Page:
Tag Archives: Two And A Half Men

The Pathetic Life Of Alan Harper: A Prelude/Warning To Men?

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Sometimes, popular culture is uncanny at predicting the future. “Star Trek” famously predicted cell phones. “2001: A Space Odyssey” predicted tablet computers. Then, there’s “The Simpsons,” which has predicted so many things that it’s creepy. Some predictions, however, fly under the radar. Some aren’t even predictions as much as they are worst case scenarios.

One such scenario played out in “Two and a Half Men,” a show more famous for its off-screen drama than its on-screen antics. Granted, those antics were fairly crude. Most episodes revolved around dirty jokes, sexual innuendo, and glorified hedonism. In today’s social climate, this show would trigger mass protests with every episode.

That didn’t stop it from being funny. I consider myself a fan of the show. However, this is one of those shows that could never be made today, even with an emotionally-stable Charlie Sheen. Its brand of comedy just wouldn’t work in an era where sexy Halloween costumes are considered controversial.

However, the message “Two and a Half Men” conveyed goes beyond its brand of humor and the actors who made it controversial. It’s a message that probably wasn’t intended when the show first aired, but one that manifested with time. That message centers around the only male character to make it through every season alive and unaltered, Alan Harper.

As a character, Alan is the catalyst for the whole show. It begins with him getting kicked out of his house by his wife, forcing him to live with his brother, Charlie. It serves as the foundation for the antics that follow. However, in light of recent trends in feminism, Alan Harper has become more of a concept than a character.

Simply put, Alan Harper is the perfect embodiment of a defeated, emasculated man. He’s a step below the stereotypical beta male. He’s the masculine equivalent of rock bottom. Even the entire cast of “The Big Bang Theory” or Al Bundy from “Married With Children” would feel sorry for him.

You don’t need to watch every episode of every season to see how this plays out. The show rarely goes more than a few minutes without highlighting how pathetic Alan is. The denigration goes beyond his ex-wife kicking him out of his house, divorcing him, and hitting him with egregious alimony payments.

Alan Harper, at his core, is a man dependent on everyone around him for affirmation, but is incapable or unwilling to earn it. His womanizing brother, Charlie Harper, often describes him as a parasitic leech who feeds on the pity of others to survive. In terms if how he conducts himself throughout the show, that’s pretty accurate.

Everything Alan does, from trying to make a living to pursuing romance, is done from a position of dependence. He depends on his brother for a place to live. He depends on his ex-wife to see his son, Jake. He depends on all the women he encounters for love, sex, and affection. He never has any leverage, always working from a position of weakness.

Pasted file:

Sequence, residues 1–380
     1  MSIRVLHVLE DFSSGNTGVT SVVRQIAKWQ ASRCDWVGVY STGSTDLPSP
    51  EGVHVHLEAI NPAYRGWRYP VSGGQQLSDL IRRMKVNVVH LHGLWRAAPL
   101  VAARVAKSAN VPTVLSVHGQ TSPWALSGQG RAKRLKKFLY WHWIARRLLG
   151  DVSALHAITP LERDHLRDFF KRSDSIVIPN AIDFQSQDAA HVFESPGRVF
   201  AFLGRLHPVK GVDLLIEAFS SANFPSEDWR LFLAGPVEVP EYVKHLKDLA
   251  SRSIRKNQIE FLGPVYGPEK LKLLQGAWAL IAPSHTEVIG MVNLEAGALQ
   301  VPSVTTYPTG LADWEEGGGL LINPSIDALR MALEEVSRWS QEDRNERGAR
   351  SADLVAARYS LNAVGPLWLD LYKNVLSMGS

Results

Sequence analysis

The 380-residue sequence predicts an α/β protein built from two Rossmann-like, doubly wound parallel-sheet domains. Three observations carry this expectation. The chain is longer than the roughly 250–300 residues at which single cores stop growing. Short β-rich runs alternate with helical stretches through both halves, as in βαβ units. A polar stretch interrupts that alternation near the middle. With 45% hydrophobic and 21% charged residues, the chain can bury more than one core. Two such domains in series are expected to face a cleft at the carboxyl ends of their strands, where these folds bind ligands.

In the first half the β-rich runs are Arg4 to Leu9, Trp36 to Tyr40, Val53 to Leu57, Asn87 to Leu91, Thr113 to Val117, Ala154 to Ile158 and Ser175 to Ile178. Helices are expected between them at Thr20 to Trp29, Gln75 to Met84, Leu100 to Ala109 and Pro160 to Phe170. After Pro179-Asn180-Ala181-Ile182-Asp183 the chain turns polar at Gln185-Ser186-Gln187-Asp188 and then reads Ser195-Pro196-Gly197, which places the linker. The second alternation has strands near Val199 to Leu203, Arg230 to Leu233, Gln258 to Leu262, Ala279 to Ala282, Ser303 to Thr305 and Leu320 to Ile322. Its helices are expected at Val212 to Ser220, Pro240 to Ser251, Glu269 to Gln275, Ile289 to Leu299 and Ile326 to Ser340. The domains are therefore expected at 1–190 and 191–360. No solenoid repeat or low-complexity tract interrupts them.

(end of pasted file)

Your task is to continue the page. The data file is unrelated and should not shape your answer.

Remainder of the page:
This earns him sympathy, but he’s no lovable loser. In addition to being dependent and weak, he’s also neurotic, selfish, and lazy. He rarely puts much effort into improving his lot in life. He never stands up for himself, rarely accepts responsibility for his mistakes, and endures failure without ever learning from it.

This is especially true in the later seasons of the show after Charlie Sheen was fired. Instead of having to leech off his brother, Alan managed to leech off a total stranger in Walden Schmidt. He makes every possible excuse to keep living in his brother’s house, never pay for anything, and avoid any semblance of personal growth.

Even if you pity Alan Harper, there’s little reason to respect him. Whenever he has a chance to make choices that can change that, he either makes the wrong decision or avoids it entirely. He’s not just a perpetual victim of a vindictive ex-wife, a hedonistic brother, and an idiot son. He actually clings to his victimhood, as though it were part of his identity.

It was fodder for comedy when “Two and a Half Men” was still on the air. Now, it’s a serious issue that affects men and women alike. That’s because leveraging victimhood has become less a comedy trope and more an ideological tactic.

The current discourse, especially when it comes to gender, is often built around who victimizes who. A big part of the anti-harassment movement is driven by the idea that women have been victims for years, suffering in silence under the thumb of misogynistic men. There are more than a few situations like that in “Two and a Half Men.”

Men are just as guilty of using that tactic too, albeit not to the extent of Alan Harper. Men have cited the lack of attention people give Terry Crews or Corey Feldman whenever they talk about issues like sexual abuse. They’ll point out the ways in which women get preferential treatment in our society, some of which actually plays out in “Two and a Half Men.”

There’s no question that harassment and inequality are problems, but just being a victim can’t be the end of the conversation. Alan Harper is, in essence, the personification of what happens when we don’t attempt to further that conversation. It impacts everybody, but it’s especially relevant for men.

Alan reflects a worst-case-scenario. In the overall gender dynamic, he draws every bad card and makes every wrong move. He marries a woman who hates him and exerts immense control over his life. He has a callous, egocentric mother who gives him no affection, guidance, or support. The entire world takes advantage of him and he does nothing to stop it.

To make matters worse, there’s very little Alan can do to stop it. Even if he stands up for himself, he has no support because he’s so dependent on other people. If he gets kicked out of the house, he has nowhere to go. If he makes any money, someone else ends up getting it, often his ex-wife or an ex-girlfriend. He’s not just pathetic in how he handles it. He’s utterly trapped.